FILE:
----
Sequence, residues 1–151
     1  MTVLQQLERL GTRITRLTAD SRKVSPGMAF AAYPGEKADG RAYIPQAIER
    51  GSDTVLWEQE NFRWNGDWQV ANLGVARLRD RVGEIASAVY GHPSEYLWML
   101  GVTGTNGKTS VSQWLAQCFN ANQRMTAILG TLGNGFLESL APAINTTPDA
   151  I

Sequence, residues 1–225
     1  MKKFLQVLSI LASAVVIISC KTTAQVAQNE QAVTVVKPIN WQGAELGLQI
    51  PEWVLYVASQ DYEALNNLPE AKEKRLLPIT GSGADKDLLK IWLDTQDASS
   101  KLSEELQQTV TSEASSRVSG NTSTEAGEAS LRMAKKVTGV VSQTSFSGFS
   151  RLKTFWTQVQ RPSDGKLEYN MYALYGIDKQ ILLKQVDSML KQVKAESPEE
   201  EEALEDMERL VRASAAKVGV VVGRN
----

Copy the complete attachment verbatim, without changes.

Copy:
Sequence, residues 1–151
     1  MTVLQQLERL GTRITRLTAD SRKVSPGMAF AAYPGEKADG RAYIPQAIER
    51  GSDTVLWEQE NFRWNGDWQV ANLGVARLRD RVGEIASAVY GHPSEYLWML
   101  GVTGTNGKTS VSQWLAQCFN ANQRMTAILG TLGNGFLESL APAINTTPDA
   151  I

Sequence, residues 1–225
     1  MKKFLQVLSI LASAVVIISC KTTAQVAQNE QAVTVVKPIN WQGAELGLQI
    51  PEWVLYVASQ DYEALNNLPE AKEKRLLPIT GSGADKDLLK IWLDTQDASS
   101  KLSEELQQTV TSEASSRVSG NTSTEAGEAS LRMAKKVTGV VSQTSFSGFS
   151  RLKTFWTQVQ RPSDGKLEYN MYALYGIDKQ ILLKQVDSML KQVKAESPEE
   201  EEALEDMERL VRASAAKVGV VVGRN